ROCKS SPEAK. In their own way, to those who have ears to listen. I have long thought that every stone is a teacher and every breeze a language. Boulders have lessons to impart and stories to tell. Each of these great stones, within 25 yards of our island cabin, is a ‘glacial erratic’, dropped where it stands by a retreating continental glacier about 10,000 years ago. As the breezes brush by, they, too, speak the language of boulders, of ice a mile high scraping every speck of soil from the bedrock, itself 2.5 billion years of age, and depositing a silent sentinel upon a rocky point. The boulders and breezes speak of ice-age hunters, of the Anishinaabe in their bark canoes; of the later Voyageurs and explorers like Alexander Mackenzie and David Thompson. They whisper of gold mines and brothels, of logging camps and railroads and rafts of white pine many miles long. Of the later era of commercial fishing, of resorts and families and sport fishermen. And perhaps of a little family who found and fell in love with a particular little island.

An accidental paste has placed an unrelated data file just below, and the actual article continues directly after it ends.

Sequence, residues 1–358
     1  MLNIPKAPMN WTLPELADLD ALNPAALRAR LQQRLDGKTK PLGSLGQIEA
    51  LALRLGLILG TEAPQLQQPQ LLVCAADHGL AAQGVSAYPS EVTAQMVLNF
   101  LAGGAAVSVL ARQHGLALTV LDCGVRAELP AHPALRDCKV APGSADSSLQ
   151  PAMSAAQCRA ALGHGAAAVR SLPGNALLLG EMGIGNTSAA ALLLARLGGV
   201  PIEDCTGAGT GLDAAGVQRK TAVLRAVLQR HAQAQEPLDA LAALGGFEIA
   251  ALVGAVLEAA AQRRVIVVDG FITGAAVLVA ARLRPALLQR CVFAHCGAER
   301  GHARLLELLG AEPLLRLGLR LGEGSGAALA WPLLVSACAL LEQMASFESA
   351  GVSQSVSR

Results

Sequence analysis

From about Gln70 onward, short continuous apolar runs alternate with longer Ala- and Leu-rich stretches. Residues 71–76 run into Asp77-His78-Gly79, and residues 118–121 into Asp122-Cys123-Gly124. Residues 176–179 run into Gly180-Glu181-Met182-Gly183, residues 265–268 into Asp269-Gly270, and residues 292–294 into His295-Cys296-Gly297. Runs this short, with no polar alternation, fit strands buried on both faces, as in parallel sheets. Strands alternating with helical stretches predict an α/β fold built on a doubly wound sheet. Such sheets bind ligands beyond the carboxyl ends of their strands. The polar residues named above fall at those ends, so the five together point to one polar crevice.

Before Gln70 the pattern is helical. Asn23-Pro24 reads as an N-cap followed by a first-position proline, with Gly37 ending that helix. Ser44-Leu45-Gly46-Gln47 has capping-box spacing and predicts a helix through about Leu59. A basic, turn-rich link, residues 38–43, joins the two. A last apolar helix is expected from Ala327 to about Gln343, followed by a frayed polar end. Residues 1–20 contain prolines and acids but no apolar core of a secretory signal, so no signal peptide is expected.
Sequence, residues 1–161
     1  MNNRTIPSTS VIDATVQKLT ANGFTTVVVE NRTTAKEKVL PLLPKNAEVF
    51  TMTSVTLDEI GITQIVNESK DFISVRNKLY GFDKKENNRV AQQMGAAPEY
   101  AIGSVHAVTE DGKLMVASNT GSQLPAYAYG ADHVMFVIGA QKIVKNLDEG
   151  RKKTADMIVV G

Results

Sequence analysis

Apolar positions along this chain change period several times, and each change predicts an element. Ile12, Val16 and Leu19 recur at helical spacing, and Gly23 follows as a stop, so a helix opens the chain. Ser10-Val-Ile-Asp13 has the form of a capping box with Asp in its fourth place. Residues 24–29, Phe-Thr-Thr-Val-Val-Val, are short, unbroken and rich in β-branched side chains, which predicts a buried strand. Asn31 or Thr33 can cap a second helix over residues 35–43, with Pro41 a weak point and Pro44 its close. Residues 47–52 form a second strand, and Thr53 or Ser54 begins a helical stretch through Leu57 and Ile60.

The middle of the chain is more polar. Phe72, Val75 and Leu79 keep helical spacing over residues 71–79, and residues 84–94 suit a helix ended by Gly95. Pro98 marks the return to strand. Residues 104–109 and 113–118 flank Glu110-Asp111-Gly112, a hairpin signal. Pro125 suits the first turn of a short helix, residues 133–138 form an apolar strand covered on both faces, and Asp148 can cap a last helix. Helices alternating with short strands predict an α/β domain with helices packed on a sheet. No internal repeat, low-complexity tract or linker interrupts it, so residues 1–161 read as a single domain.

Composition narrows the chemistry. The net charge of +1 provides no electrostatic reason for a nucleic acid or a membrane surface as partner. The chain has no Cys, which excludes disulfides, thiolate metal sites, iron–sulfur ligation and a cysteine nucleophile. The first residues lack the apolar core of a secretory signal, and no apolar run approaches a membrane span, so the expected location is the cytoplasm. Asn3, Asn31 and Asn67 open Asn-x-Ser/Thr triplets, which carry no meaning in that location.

The boulders have witnessed it all. And to rest upon one, or to stand beside it and rest your hand on its rough, lichen-covered surface, is to be a witness as well. A witness to the passage of time. A listener to the language of rocks.